Avoiding the “Pivot” and Other Project Manager Secrets Revealed

This article first appeared on GreenBook Blog.

If you remember the 90’s, you probably remember the Friends episode where Rachel and Chandler help Ross carry a couch up a turning staircase. (If you don’t, go watch it on YouTube. It’s worth it.)

The three sitcom friends struggle to navigate an oversized sofa around the staircase landings toward his upstairs apartment with Ross navigating. His directions quickly turn to panic as he shouts “Pivot! Pivot! PIVOT!” as the thing gets irretrievably stuck.

While it’s good for a laugh on TV, having to pivot when you need to make a change with a market research study is not funny. It can push fielding dates, frustrate clients and impact final deliverable timelines.

Still, “pivoting” is a term you may hear a lot in the market research process. It’s true that sometimes projects need to take sharp turns to get back on track, but that doesn’t always have to be the case.

That’s because the secret weapon for combatting the dreaded Pivot is a great project team, equipped with someone who continually scans the project horizon for trouble spots and communicates about them early and often.

Ingredients for success

Over the years as I’ve worked with many prospects as they have become clients, I’ve noticed a number of qualities that are critical to a project’s success.

Experience matters
Successful project managers have the talent of looking ahead because they have a lot of experience to look back on. They have seen how projects can go off the rails — and they know how to make smaller changes now that avoid future problems. Sometimes it’s as simple as knowing when to on-board partners or as complicated as working through.

Plan from before the start
Before the project is even awarded, it’s critical that a plan is in place and everyone starts out on the same page. Successful projects start out with internal strategy meetings to determine how to best meet the client’s goals, and implement the plan. That way, critical turning points in the process are identified early and strategic solutions can be planned in advance.

Continual communication
Effective project managers know just the right recipe for communicating well with their clients. Regular updates — daily — equip the client with the information they need. You never want the client to have to track down the PM for an update, good or bad. A project manager who facilitates difficult conversations as skillfully as they do good news can help keep clients informed and avoid the problem of running out of time to resolve the issues.

The right match
While regular communication is important the right kind of communication is critical. Pairing clients with a Project Manager that will communicate in the way they receive information takes a project from successful to outstanding.

Critical thinking
On-the-ball project managers carefully watch every aspect of the process to see what is happening as well as what might happen. Then, they are proactive in heading off problems and don’t run from challenging conversations.

Attention to detail
Clients should get a level of detail that’s informative and actionable, instead of just an information dump presented without a solution. The message is “Here’s what we’re seeing and here are some suggestions for dealing it.” Also, to shorten the path to a solution, an effective project manager knows when a phone call is better than an email exchange.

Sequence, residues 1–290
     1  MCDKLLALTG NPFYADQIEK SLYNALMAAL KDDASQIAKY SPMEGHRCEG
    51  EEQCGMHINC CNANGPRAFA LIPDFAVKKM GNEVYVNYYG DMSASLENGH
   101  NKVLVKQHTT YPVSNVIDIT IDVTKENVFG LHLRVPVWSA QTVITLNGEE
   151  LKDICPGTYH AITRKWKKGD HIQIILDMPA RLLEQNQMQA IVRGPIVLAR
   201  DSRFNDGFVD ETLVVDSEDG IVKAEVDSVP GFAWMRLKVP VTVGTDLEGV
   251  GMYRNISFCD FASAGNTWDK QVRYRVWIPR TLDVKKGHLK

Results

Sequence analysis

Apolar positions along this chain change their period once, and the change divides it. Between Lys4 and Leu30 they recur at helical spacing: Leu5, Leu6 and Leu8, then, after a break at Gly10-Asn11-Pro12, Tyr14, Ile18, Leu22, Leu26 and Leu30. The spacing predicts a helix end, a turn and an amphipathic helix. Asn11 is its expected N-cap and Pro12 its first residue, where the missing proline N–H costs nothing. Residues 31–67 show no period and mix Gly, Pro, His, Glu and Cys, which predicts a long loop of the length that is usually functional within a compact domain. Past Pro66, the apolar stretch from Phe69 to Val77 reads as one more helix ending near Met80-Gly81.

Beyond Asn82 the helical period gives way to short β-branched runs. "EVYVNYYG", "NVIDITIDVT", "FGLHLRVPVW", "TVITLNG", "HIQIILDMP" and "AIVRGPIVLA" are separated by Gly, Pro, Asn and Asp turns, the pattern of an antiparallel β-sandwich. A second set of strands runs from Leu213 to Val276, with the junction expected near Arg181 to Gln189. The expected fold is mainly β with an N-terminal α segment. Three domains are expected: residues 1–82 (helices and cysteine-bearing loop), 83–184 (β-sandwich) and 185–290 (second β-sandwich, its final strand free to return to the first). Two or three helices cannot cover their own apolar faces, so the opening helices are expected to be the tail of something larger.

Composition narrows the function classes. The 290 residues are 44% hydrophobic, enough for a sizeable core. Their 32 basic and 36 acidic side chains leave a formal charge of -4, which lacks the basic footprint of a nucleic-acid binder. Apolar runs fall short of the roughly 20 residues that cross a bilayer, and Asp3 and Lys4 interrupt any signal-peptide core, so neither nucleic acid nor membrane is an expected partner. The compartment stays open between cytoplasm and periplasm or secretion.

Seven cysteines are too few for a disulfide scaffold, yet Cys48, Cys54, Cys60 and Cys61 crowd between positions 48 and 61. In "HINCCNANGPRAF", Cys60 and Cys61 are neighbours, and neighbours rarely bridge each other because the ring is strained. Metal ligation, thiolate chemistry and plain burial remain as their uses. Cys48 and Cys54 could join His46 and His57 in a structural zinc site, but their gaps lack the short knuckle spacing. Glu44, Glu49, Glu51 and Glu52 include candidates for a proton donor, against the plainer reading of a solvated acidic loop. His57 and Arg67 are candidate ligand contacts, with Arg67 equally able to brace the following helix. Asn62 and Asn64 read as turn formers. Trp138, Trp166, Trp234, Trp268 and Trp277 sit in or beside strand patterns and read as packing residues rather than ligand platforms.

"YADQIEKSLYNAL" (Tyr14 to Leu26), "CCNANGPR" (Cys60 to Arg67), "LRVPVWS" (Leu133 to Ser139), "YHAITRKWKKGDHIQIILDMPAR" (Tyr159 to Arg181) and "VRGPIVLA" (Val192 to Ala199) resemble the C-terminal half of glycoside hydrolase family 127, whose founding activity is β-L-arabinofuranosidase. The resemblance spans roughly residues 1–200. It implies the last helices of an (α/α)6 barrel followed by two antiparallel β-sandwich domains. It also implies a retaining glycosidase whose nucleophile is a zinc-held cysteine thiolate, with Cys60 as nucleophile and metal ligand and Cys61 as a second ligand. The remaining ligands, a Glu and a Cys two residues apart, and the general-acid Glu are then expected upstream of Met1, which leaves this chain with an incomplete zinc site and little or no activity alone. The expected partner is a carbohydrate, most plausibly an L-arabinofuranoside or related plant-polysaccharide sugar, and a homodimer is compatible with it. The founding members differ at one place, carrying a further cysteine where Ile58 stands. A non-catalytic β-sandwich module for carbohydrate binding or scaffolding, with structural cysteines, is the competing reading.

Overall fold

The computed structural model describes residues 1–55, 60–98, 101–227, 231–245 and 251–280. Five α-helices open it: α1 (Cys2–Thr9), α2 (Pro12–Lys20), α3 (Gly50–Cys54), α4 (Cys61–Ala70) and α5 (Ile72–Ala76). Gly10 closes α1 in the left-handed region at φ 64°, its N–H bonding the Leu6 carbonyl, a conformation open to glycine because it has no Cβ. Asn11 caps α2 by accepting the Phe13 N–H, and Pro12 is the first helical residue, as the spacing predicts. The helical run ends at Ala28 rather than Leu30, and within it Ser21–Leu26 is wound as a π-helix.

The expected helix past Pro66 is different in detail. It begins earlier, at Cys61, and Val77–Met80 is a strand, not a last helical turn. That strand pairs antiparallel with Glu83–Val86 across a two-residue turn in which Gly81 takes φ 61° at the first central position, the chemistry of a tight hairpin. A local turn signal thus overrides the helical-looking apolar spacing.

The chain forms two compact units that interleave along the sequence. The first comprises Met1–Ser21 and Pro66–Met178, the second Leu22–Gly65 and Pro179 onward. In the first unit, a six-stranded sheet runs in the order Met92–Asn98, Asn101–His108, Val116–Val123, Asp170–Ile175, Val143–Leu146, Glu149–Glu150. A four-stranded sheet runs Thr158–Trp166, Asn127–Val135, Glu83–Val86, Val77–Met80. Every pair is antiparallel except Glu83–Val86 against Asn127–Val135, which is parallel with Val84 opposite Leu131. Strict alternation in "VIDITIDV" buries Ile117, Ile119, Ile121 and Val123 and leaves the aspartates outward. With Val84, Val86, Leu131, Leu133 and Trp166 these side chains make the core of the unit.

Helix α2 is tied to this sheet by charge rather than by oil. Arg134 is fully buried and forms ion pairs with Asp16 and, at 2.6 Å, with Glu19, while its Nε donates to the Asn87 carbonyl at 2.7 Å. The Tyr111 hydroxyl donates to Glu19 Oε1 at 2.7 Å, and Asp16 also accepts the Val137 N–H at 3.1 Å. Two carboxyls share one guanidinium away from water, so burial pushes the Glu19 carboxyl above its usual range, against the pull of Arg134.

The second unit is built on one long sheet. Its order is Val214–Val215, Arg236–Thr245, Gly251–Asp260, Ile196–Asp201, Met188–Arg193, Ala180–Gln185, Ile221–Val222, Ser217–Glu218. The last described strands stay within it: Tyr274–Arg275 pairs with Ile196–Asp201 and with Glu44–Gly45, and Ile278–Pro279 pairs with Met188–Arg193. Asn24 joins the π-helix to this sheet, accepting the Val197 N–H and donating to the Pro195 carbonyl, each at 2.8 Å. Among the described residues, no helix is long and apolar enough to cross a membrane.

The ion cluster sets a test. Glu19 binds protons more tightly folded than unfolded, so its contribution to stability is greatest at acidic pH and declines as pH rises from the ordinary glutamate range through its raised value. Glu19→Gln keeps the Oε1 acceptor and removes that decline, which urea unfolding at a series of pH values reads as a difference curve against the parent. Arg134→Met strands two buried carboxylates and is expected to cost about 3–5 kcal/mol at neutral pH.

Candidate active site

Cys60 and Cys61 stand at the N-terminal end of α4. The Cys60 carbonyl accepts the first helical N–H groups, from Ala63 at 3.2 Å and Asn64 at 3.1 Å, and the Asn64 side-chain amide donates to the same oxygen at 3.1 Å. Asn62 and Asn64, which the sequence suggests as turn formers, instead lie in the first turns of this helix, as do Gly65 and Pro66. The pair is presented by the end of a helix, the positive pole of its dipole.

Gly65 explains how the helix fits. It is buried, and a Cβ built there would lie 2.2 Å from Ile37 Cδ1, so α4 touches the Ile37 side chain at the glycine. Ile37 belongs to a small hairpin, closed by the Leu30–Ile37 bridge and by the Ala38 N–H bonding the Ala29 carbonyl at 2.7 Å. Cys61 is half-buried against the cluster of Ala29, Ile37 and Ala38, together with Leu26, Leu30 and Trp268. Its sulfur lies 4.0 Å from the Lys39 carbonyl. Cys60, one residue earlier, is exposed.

Set expectations
While it’s the responsibility of the sales team to set the right expectations from the beginning, it’s the PM’s role is to manage those expectations, tying everything together with great communications and practical solutions.

The PM continually has their fingers on the pulse of the project. But, after the first project is completed, an internal retrospective with the team is only the start. The next step is to find out from the clients what worked well — or didn’t — from their perspective, as well as what would work better for them in the future.

Level up when needed
It’s a team effort and sometimes bringing in other team members can help move things forward. The Director of Client Services is another valuable resource for clients – a behind-the-scenes supervisor who oversees all projects and is available to jump in when additional support is needed.

Make micro-adjustments
By developing big picture strategies from the start, project managers have a high-level view of the whole process. But, sometimes things change. Sometimes it’s a small change and other times, it may require a complete pivot… or maybe it doesn’t have to. That’s why a great PM leads a reassessment. They’ll work internally with the team to troubleshoot the issues to get the project back on track. With forethought and frequent monitoring, it’s not a crisis just because a change is requested.

Making sure you look good
At the end of the day, the project manager works with the entire project team to make the client’s life easier and make them look as good as possible to their clients. The PM’s role is critical for putting clients in the best light possible and developing a long-term business relationship.

In short, an experienced, watchful, and communicative project manager is a key part of the team and makes the entire process much smoother. That way, clients don’t need to worry about their project getting stuck in field like poor Ross and his sofa. He really had such high hopes when he even drew that sketch to plan everything just right for that new couch. Too bad he didn’t look far enough ahead so he didn’t have to pivot.